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5 New Reasons The Federal Reserve Is Lying To The American People (SLV, GLD, TZA, FAS, SDS)
By: ETF Daily News   Thursday, April 26, 2012 12:54 PM
In a recent article I stated that this next crisis will blindside most Americans just like the last one did….

"Sadly, just like back in 2008, most people will never even see this next crisis coming."

So who should you trust – the Federal Reserve or all of the half-crazed bloggers out there that are warning about the "serious doom" that is coming.

Well, come back to this article in a year or two and compare how accurate the predictions were.

In the end, time will tell who is telling lies and who is not.

If we do not learn from history, we are doomed to repeat it.

For example, let's take a quick look at Ben Bernanke's track record over the past several years.

The following are statements that Bernanke actually made to the public….

#1 (July, 2005) "We've never had a decline in house prices on a nationwide basis. So, what I think what is more likely is that house prices will slow, maybe stabilize, might slow consumption spending a bit. I don't think it's gonna drive the economy too far from its full employment path, though."

#2 (October 20, 2005) "House prices have risen by nearly 25 percent over the past two years. Although speculative activity has increased in some areas, at a national level these price increases largely reflect strong economic fundamentals."

#3 (November 15, 2005) "With respect to their safety, derivatives, for the most part, are traded among very sophisticated financial institutions and individuals who have considerable incentive to understand them and to use them properly."

#4 (February 15, 2006) "Housing markets are cooling a bit. Our expectation is that the decline in activity or the slowing in activity will be moderate, that house prices will probably continue to rise."

#5 (February 15, 2007) "Despite the ongoing adjustments in the housing sector, overall economic prospects for households remain good. Household finances appear generally solid, and delinquency rates on most types of consumer loans and residential mortgages remain low."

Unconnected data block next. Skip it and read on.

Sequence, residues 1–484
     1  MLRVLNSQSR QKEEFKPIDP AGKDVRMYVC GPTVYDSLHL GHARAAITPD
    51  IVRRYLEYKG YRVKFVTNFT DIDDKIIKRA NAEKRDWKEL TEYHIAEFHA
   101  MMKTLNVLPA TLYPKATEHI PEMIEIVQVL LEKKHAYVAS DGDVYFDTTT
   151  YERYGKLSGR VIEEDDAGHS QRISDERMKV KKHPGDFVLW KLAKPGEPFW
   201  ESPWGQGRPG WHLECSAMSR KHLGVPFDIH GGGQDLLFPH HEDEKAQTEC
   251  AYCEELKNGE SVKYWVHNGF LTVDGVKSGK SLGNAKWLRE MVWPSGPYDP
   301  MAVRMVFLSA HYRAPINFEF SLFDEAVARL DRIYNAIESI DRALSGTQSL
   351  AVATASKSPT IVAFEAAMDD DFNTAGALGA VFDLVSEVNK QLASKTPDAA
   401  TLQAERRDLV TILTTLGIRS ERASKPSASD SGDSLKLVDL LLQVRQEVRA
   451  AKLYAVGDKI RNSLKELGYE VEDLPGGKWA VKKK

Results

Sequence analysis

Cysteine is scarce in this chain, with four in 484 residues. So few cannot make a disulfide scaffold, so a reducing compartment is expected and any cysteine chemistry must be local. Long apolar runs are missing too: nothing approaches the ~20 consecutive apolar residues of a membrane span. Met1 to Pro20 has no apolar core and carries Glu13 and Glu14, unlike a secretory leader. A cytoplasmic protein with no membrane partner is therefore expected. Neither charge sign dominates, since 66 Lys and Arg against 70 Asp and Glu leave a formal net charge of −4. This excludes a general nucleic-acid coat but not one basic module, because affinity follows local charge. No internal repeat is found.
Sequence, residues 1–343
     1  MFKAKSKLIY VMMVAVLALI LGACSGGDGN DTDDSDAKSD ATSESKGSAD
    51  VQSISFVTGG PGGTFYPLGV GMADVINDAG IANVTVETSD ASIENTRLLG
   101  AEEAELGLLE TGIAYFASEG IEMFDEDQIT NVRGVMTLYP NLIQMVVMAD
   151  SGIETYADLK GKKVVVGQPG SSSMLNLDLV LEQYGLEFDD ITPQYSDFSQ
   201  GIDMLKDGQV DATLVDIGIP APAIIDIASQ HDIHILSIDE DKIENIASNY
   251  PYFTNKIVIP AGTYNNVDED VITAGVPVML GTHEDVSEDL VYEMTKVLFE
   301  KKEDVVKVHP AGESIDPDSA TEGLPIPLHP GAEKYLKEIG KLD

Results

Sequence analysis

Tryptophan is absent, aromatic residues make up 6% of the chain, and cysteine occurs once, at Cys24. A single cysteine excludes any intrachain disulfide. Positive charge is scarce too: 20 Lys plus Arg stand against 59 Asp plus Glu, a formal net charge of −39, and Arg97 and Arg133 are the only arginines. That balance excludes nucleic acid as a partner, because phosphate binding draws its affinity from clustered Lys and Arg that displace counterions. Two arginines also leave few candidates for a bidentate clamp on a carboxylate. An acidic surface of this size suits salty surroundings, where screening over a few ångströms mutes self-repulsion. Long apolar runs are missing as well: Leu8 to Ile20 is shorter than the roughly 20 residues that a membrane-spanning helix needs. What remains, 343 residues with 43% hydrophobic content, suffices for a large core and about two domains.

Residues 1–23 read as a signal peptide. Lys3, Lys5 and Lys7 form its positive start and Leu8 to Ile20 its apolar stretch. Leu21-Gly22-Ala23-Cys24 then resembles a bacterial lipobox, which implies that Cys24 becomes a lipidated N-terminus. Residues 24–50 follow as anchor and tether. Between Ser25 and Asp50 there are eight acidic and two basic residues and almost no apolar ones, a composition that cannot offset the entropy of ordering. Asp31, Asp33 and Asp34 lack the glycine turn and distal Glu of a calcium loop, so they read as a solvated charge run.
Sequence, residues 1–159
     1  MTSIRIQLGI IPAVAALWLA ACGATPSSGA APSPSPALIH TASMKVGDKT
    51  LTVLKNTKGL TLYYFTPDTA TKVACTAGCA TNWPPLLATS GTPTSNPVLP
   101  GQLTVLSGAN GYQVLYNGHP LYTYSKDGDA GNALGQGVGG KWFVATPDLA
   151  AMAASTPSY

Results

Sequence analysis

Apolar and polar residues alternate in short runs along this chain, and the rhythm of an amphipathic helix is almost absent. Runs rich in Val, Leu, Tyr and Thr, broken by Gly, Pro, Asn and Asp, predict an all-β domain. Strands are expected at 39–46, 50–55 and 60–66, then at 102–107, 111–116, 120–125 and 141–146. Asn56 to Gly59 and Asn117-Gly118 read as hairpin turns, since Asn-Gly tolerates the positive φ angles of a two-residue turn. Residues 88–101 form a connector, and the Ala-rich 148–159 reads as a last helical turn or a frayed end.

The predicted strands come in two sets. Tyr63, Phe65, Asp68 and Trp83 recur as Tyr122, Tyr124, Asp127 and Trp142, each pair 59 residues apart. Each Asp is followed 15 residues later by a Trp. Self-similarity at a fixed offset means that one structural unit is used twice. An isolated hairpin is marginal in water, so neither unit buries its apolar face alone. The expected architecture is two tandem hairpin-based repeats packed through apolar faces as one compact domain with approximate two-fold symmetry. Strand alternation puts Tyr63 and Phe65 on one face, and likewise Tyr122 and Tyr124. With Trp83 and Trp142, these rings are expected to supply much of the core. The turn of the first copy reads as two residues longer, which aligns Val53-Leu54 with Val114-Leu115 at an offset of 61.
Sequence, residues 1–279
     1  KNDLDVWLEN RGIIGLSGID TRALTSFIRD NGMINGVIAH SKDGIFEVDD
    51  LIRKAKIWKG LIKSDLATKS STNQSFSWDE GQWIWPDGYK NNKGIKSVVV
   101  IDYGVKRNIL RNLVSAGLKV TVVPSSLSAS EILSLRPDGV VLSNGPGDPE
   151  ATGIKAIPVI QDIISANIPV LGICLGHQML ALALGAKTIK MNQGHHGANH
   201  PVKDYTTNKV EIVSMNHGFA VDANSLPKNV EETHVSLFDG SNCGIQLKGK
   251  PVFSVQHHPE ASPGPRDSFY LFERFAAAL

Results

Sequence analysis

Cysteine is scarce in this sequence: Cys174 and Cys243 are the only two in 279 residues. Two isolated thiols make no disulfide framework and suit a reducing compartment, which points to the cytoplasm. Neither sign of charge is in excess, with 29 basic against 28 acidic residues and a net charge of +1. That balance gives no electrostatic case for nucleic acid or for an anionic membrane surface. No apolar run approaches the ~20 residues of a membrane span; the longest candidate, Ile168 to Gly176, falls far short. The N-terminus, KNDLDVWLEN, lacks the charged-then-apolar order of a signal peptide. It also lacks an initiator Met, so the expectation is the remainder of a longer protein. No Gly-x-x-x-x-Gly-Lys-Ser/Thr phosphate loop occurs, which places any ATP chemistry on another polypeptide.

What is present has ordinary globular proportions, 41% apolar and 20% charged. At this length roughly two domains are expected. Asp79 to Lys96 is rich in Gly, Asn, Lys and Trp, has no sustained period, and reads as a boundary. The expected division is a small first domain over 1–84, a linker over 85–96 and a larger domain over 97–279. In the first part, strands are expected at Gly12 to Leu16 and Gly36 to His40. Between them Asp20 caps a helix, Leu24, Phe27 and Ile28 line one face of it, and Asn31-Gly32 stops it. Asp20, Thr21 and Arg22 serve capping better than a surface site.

#6 (March 28, 2007) "At this juncture, however, the impact on the broader economy and financial markets of the problems in the subprime market seems likely to be contained. In particular, mortgages to prime borrowers and fixed-rate mortgages to all classes of borrowers continue to perform well, with low rates of delinquency."

#7 (May 17, 2007) "All that said, given the fundamental factors in place that should support the demand for housing, we believe the effect of the troubles in the subprime sector on the broader housing market will likely be limited, and we do not expect significant spillovers from the subprime market to the rest of the economy or to the financial system. The vast majority of mortgages, including even subprime mortgages, continue to perform well. Past gains in house prices have left most homeowners with significant amounts of home equity, and growth in jobs and incomes should help keep the financial obligations of most households manageable."

#8 (January 10, 2008) "The Federal Reserve is not currently forecasting a recession."

#9 (June 10, 2008) "The risk that the economy has entered a substantial downturn appears to have diminished over the past month or so."

But don't worry, Ben Bernanke insists that he knows exactly what is going on this time.

So do you believe him?

A lot of Americans don't. In fact, an "economic collapse" is the number one catastrophic event that Americans worry about according to one recent survey.

Perhaps that is one reason why so many Americans are preparing for doomsday these days.

The central planners over at the Federal Reserve are not going to solve our economic problems.

The truth is that the Fed is at the very heart of our economic problems.

We have been living in the greatest debt bubble in the history of the world and that debt bubble has been facilitated by the Fed.

Over the past three decades, the total amount of debt in America has increasedby about 50 trillion dollars. By stealing from future generations, we have been able to live like kings and queens, but there is going to be a great price to pay for our foolishness.

Ben Bernanke and the other folks running the Federal Reserve are just going to keep insisting that everything is going to be okay for as long as they possibly can. They are going to tell you that they know exactly how to fix things and that the economy will be back on track very soon.

Don't be stupid and believe them this time.

Written By Michael Snyder From The Economic Collapse


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